The American Rescue Plan—now on the brink of final passage in Congress—is a truly historic bill for families with kids. Child poverty is going to be slashed by nearly half, while overall poverty is cut by a third. The child care industry, now in crisis, is getting help so that when more people feel safe sending their kids back to day care, the care is there for them. And parents will get the help they need to make the best decisions for their families, not forced by desperation into having only bad options.
The biggest, most historic family-friendly provisions in the relief package dramatically expand the existing child tax credit and the child and dependent care tax credit. Specifically, the bill gives parents $3,000 per year for each child aged 6 to 17, with $3,600 a year for children under 6. And while the parents with the lowest incomes don’t get all of the existing child tax credit—in fact, 10% of kids get nothing—the poorest families will not only get the whole benefit of the expanded credit, they’ll get monthly checks rather than a lump sum at the end of the year. That will give newfound stability to the families that need it most. The number of children in poverty will drop by 45% and the number of Black children in poverty will drop by 50%, according to experts.
“This legislative package likely represents the most effective set of policies for reducing child poverty ever in one bill, especially among Black and Latinx children,” Indivar Dutta-Gupta, co-executive director of the Georgetown Center on Poverty and Inequality, told The Washington Post.
Single parents with incomes up to $112,500 and married families with incomes up to $150,000 will be eligible for the new child tax credit. The expansion of the child and dependent care tax credit means eligible families could also deduct up to 50% of the cost of care, substantially higher than existing levels.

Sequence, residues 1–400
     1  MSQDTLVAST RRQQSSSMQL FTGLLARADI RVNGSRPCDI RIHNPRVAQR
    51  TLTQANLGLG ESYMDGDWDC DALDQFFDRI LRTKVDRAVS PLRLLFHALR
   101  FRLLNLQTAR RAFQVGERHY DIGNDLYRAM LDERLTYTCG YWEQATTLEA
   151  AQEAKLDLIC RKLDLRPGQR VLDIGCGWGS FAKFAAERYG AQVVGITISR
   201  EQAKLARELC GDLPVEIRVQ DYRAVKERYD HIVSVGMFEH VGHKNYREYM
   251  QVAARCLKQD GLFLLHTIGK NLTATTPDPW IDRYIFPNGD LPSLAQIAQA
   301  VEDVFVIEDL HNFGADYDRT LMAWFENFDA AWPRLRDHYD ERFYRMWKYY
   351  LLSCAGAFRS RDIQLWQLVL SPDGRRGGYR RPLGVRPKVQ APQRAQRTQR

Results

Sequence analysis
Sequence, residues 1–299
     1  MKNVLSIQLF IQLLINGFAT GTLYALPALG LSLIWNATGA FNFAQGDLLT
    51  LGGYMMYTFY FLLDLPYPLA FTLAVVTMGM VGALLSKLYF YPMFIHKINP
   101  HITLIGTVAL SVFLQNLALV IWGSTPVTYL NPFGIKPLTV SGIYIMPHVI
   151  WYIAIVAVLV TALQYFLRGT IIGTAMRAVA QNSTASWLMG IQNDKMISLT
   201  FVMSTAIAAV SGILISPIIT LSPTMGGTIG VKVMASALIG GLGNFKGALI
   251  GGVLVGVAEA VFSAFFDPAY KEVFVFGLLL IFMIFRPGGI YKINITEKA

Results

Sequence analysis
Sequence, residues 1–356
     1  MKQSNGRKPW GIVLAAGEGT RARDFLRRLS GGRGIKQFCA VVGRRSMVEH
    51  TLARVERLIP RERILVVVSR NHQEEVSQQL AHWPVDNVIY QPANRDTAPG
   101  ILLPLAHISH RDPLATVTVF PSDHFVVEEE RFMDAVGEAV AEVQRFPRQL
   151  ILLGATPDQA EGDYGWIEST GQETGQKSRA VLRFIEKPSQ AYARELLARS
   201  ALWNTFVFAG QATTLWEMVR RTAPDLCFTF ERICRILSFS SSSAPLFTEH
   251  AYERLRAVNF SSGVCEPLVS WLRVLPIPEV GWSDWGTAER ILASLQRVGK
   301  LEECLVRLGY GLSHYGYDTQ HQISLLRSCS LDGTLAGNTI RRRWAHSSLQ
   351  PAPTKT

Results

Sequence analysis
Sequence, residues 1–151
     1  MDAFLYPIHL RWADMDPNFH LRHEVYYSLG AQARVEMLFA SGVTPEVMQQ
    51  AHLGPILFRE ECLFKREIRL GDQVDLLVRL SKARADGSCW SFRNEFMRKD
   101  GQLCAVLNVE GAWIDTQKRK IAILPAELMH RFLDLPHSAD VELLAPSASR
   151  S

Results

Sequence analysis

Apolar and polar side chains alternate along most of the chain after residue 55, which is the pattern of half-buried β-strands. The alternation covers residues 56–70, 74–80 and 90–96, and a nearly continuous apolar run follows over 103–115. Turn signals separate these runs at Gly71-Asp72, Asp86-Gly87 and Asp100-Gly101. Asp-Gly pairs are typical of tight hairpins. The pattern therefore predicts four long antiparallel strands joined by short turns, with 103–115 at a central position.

One parent who has been teetering on the brink of disaster that could have been averted entirely had a plan like this been passed earlier talked to The New York Times. Anique Houpe was a letter carrier with a catering business on the side—a single parent starting to get ahead—when the coronavirus pandemic forced her to leave her job to take care of her kids. Then she was denied unemployment benefits and, while recovering from COVID-19, was served with an eviction notice. But, she told the newspaper if she’d had this child tax credit to enable her to hire help with her kids, “I definitely would have kept my job.”
Many, many different families with different income levels will see big boosts. According to the Center on Budget and Policy Priorities:
- A single mother of a toddler, who earns $10,000 a year providing in-home care to older people (with work hours that fluctuate significantly from month to month), now receives a Child Tax Credit of $1,125. Under the House plan, she’d receive $3,600, a gain of $2,475.
- A single mother with a 4-year-old daughter and 8-year-old son, who is out of work for the year due to a health condition, now receives no Child Tax Credit at all, adding to the family’s financial insecurity. Under the House plan, she would receive the full Child Tax Credit of $3,600 for her daughter and $3,000 for her son to help with the children’s expenses.
A married couple in which one spouse earns $20,000 as a short-order cook and the other cares for their 3-year-old son and 7-year-old daughter now receives a credit of $2,625 — well below the $4,000 credit that a higher-income family with two children receive. Under the House plan, they would receive the full Child Tax Credit of $3,600 for their son and $3,000 for their daughter, or a family gain of $3,975.
It’s a major investment in these families and these kids, and one that will have long-term benefits in the health and education of the kids who benefit now.
This is a one-year program as it now stands, but Democrats are hoping that it will be easier to keep in place for the long term than to roll back. It’s hard to imagine Republicans getting on board with that, but … they would be taking a lot of money away from a lot of people.
Low-income people without children will also benefit from an earned income tax credit expansion in the American Rescue Plan, offering them substantial help in addition to the one-time direct payments.